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Tulsi Gabbard at the 2016 Democratic National Convention. Photo: Aaron P. Bernstein/Getty Images

I have been paying very close attention to almost all the presidential candidates for months now. I always knew that politics was important, but 2016 taught me that it is also important to get involved early on in the presidential election process. We can’t just wait until the summer to pick from whoever is left standing, the stakes are too high this time for that approach. It is our duty as citizens to become deeply engaged in the vetting process, especially this time. Those that came before us fought too hard for the rights and liberties we enjoy for us to drop the baton on the final lap. …

Today is my 29th birthday. To celebrate I have compiled some advice and wisdom that I would like to share in the form of simple, actionable directives. Hopefully, you find this useful or at least interesting.

First, who am I and why should you listen to me?

My name is Mike Staub and I have been living and working in San Francisco, CA since 2012. Here are some labels I identify with, in no special order:

software engineer, he/him, effective altruist, artist, musician, athlete, entrepreneur, introvert, scientist, gamer, psychonaut, investor, leader

And here are some of my notable accomplishments to help convince you I’m someone worth listening…

I remember the first time I logged into I was 17 years old and the platform just opened to non-college students. My high school friends and I were waiting patiently to join. All of our older siblings with coveted .edu email addresses were already raving to us about how great and different this new social network was. I assumed it was just a slightly better myspace, which my friends and I were already using daily, so I was skeptical at first. I was wrong.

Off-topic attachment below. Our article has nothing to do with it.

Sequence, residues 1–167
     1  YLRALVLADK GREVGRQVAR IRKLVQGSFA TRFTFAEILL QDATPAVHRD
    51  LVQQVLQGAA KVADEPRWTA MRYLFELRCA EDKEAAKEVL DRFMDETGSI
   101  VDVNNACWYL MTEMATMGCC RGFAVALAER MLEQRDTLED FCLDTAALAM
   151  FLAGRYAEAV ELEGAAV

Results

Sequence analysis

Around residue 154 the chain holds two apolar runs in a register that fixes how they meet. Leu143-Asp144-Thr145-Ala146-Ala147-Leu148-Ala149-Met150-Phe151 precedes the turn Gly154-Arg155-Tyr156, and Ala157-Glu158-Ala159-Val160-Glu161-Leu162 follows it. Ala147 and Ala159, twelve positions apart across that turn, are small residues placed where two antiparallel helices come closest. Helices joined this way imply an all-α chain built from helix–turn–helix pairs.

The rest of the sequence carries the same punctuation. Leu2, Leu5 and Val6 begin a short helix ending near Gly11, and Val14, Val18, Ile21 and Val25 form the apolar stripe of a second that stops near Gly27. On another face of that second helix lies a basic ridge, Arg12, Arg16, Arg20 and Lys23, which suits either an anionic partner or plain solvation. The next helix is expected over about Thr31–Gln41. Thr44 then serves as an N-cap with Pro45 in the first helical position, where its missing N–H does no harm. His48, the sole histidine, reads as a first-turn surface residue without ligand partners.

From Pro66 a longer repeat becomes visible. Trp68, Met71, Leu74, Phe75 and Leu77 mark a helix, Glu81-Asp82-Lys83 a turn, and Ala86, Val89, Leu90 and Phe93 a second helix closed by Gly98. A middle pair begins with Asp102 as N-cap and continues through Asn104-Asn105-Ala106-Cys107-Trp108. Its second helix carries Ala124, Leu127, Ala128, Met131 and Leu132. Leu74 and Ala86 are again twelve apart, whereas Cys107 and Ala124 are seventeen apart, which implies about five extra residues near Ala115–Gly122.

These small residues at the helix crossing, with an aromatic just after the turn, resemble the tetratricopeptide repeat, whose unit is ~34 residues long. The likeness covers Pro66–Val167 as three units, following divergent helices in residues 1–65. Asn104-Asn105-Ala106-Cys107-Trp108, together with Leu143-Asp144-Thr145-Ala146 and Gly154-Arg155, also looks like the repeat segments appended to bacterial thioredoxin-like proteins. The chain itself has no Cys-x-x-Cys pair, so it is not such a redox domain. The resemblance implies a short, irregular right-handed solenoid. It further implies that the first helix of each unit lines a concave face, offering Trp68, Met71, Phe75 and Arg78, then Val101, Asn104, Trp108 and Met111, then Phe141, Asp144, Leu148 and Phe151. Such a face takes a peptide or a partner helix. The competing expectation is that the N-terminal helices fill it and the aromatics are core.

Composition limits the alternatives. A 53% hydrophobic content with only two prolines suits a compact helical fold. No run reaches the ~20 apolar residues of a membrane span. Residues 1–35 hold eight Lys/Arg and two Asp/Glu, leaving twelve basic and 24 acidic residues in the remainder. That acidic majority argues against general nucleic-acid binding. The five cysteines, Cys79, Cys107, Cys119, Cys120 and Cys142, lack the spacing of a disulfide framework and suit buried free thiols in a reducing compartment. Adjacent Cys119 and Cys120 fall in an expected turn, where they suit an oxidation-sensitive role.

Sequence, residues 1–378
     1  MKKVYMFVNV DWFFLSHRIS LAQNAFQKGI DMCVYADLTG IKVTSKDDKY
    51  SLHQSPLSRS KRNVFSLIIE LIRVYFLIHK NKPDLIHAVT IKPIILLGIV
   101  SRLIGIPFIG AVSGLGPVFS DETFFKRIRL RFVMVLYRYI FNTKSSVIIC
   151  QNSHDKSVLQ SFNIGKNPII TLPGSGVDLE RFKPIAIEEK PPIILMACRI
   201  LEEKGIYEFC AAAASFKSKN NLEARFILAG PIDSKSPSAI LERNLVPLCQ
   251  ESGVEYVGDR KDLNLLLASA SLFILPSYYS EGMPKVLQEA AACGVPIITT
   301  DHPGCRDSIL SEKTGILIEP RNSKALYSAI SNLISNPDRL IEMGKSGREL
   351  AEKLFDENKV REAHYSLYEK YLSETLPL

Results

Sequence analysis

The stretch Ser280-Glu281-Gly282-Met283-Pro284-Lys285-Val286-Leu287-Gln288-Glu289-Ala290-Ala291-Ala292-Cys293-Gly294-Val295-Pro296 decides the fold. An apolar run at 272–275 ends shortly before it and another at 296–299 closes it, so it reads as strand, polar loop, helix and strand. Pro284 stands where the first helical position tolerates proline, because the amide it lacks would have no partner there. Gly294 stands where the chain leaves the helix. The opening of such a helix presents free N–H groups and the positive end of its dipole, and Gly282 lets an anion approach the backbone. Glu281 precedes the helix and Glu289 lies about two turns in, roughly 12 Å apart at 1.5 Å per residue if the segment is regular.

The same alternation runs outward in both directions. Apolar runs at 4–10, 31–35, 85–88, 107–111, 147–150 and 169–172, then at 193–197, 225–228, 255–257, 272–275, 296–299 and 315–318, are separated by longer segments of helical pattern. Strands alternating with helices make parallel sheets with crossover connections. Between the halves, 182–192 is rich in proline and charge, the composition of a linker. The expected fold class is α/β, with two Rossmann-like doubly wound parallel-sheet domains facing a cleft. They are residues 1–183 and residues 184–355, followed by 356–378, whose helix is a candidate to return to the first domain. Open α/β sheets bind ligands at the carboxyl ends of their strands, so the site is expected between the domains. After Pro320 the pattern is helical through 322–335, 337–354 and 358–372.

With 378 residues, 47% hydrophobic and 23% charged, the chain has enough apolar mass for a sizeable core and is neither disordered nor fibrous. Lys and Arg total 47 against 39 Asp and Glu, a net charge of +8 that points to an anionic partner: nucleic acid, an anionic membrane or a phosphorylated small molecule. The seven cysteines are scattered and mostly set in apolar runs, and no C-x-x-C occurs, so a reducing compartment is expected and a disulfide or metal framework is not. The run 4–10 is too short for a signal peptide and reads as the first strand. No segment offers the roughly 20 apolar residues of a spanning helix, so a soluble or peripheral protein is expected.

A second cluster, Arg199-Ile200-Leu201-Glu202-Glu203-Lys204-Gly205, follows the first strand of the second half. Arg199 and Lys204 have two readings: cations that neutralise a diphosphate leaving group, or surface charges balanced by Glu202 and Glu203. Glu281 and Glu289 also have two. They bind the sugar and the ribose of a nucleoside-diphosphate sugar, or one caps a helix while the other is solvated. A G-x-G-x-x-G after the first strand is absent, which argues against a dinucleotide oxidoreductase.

After logging in and seeing my friends’ real names and faces, I was shocked. We were taught by our parents to never personal information online. ( their paranoia doesn’t look so crazy now ) The pre-internet facebook was mostly username and avatar-based, with very little personal data being shared at all. I instantly realized that this was nothing like myspace and that we as a society were entering into a new era, one where our analog and digital lives were going to meld together. …

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Please read Part 6 if you have not.

Congrats on making it this far! Hopefully you found this series useful. There are many simple “getting started with X” blog posts out there, and while useful, I would love to see more posts like this, that dissect a fully functional app from start to finish.

I had a lot of fun with this stack and creating this simple app. I hope that people actually use it to form new connections.

Share it with your slack teams!


I developed this app alone, ( generally not a good way to write software ) and I am sure there are bugs and problems in the implementation. I chose to open source it anyways to promote a discussion around what could be improved. If you have ideas or questions, please post them in the github issues. Also, if you want to help me further develop this application that would be great! I will be shifting focus to the project, as I find that to be more important, but this project will be actively maintained indefinitely. …

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Please read Part 5 if you have not.

This part is an overview of this pull request.

Now that we have our backend API, and frontend React app deployed we can gather user data. Great. Now comes the final piece, a new lambda function to email all those users their weekly lunch match!

Matcher Function

The matcher function should be a simple function that is invoked on a chron (which serverless supports easily). Its important that this service (and any other service our backend provides in the future) performs NO MUTATIONS of its own. This is an opinionated approach. The idea is that ALL mutations (ie side effects) which affect external systems (databases, emails, APIs, etc) must be performed in the GraphQL API. This restriction, along with the restriction that all GraphQL mutations must be fully tested, gives us a very strong assurance that our system does what is supposed to. As soon as you allow arbitrary lambda functions to send emails, mutate the db, etc — you open up a can of worms. …

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Please read Part 4 if you have not.

This part is an overview of this pull request.